The war in Ukraine is at the forefront of our minds. We hear stories of the immediate effect of the bombings, troop movements, etc. We haven’t heard from Christian professors in the Ukraine who are members of the Society of Christian Scholars. But we have heard from some professors in our Fellows program in nearby Lithuania and the Czech Republic. They have shared about the struggles of their Ukrainian and Russian students, and ways in which they are ministering to them…
From Global Scholars Fellow “David,” teaching in Lithuania:
About a quarter of our students come from Ukraine, and many others are from Belarus or Russia. I have taught courses at a seminary in Ukraine, and we maintain close contact with many former students and graduates there (I heard from some of them as recently as Sunday morning that they had heard explosions outside their city). Many Lithuanians have Ukrainian relatives.
Something to keep in mind also is the economic toll that this will take on ordinary Russians due to the costs of war and as sanctions are imposed. Our students from Ukraine and Russia have seen their currencies devalued sharply relative to the Euro due to this war, and some may face food insecurity even here for that reason.
And from Global Scholars Fellow “Stephen,” teaching in the Czech Republic:
Ever since the invasion, I’ve been noticing that both Ukrainian and Russian students have been super-depressed, some too depressed to come to class. It’s been devastating for everyone from the region. They are all worried about their homes–some have families near the border. So this is what I said in class on Monday:
“No one wants this war–not the Ukrainians, not the Russians. The only one who does is a narcissistic dictator who thinks he can take whatever he wants. But don’t hate on the Russians–it’s not their fault.
Look, I know you guys miss home, and you’re worried about your homes. I can’t do much about that except to open my home to you guys from Ukraine and Russia as a place just to get away from your worries for a little bit. So if you’re from Ukraine, Russia, or Belarus, you are invited this Friday at 6:30. No politics will be discussed. Just good food and a movie and a place to chill for a while.”
After class, two students–a Ukrainian and a Russian–said they’d like to come. And then a couple more emailed me (they’re from Uzbekistan or Kazakhstan, but it’s close enough). And another Ukrainian said he’d come. A Russian grad student said she’d try to move her work schedule.
After many months of not being able to open our home, it felt like this was the right time–we can’t just see traumatized students and do nothing. Please pray that it would be a refreshing respite, that they would know they are loved (the Russian-speaking students are receiving a lot of hatred from Czechs at present). I have no agenda for the evening besides making them feel loved, at home, and at peace.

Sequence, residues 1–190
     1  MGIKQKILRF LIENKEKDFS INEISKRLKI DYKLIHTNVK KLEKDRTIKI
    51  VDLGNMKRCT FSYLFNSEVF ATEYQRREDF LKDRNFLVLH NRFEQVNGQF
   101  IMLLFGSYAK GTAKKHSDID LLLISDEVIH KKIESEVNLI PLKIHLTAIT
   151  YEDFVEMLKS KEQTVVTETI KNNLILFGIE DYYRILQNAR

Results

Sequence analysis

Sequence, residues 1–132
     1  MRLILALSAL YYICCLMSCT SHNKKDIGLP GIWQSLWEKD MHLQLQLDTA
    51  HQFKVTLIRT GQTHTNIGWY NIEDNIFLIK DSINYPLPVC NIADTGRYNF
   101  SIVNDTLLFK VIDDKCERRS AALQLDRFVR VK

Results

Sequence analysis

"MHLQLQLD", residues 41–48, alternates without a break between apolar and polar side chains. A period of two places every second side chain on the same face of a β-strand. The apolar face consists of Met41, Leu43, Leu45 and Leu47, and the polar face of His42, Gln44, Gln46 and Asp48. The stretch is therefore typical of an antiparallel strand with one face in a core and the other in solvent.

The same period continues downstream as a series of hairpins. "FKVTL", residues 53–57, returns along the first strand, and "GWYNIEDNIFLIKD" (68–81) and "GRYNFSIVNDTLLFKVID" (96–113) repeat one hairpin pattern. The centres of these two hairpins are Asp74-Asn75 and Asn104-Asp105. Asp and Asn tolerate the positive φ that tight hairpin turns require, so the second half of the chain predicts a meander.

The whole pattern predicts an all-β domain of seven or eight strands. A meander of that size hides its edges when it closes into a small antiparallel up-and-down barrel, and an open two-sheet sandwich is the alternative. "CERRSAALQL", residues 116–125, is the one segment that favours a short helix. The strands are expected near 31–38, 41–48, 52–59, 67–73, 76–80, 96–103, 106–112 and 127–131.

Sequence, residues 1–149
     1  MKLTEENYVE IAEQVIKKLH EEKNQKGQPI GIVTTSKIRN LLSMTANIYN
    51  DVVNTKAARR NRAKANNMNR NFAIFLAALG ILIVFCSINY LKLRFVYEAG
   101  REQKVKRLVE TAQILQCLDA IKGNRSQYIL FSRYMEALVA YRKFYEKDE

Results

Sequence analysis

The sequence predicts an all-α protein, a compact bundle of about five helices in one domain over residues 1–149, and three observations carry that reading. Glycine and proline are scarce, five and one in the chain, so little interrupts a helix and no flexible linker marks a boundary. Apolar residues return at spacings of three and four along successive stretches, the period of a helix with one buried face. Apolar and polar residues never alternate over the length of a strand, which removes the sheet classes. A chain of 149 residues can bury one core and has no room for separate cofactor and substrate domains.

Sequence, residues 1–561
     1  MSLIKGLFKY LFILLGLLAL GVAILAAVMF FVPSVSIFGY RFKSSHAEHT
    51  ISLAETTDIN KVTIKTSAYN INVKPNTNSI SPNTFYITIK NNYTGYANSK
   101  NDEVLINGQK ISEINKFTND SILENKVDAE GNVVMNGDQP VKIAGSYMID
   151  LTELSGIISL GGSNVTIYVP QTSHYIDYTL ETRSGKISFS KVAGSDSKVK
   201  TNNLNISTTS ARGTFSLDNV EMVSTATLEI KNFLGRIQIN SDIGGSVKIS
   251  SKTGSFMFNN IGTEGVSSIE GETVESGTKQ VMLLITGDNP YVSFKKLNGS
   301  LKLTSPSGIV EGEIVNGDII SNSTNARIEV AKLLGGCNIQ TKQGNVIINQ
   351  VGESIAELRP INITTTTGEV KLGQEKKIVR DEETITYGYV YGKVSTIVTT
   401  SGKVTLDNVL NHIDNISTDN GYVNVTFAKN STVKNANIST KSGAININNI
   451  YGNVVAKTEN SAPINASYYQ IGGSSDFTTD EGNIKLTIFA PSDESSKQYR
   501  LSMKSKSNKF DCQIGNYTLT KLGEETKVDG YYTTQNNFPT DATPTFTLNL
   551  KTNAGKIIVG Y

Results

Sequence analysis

Also, pray for us and our soon-to-be house guests from Ukraine. We have told our church that we have an extra room that can accommodate two people, and refugees from Ukraine are already arriving in the Czech Republic. We haven’t received any news of whom we’ll be hosting, but I have no doubt that in the next week or so we will have new long-term house guests. Please pray for us to be gracious hosts who reflect Christ, and start praying now for our guests, that God would heal the trauma of displacement.
Please join us in praying for the Ukrainian and Russian people. Please pray for David, Stephen and the other professors whom we equip to share the love, truth, and grace of Christ with their students, colleagues, and academic disciplines. And thank you for the crucial role you play in “equip[ping] the saints for the work of ministry, for building up the body of Christ” (Ephesians 4:12).
In my March episode of the College Faith podcast, I continue my series on campus ministries. My guest is Ben Nugent, the National Director of the The Navigator’s campus ministry.
As we watch the invasion of Ukraine in horror, we wonder what could possess Putin to use force so ruthlessly and indiscriminately. At least part of the answer lies in a philosophy of life that runs back through many other despots and finds it roots in the writings on Nietzsche.
In a recent episode of the Thinking Christianly podcast, JP Moreland and I discuss how pervasive the philosophy of Nihilism has come to be in shaping our daily lives, from the individual to the global level.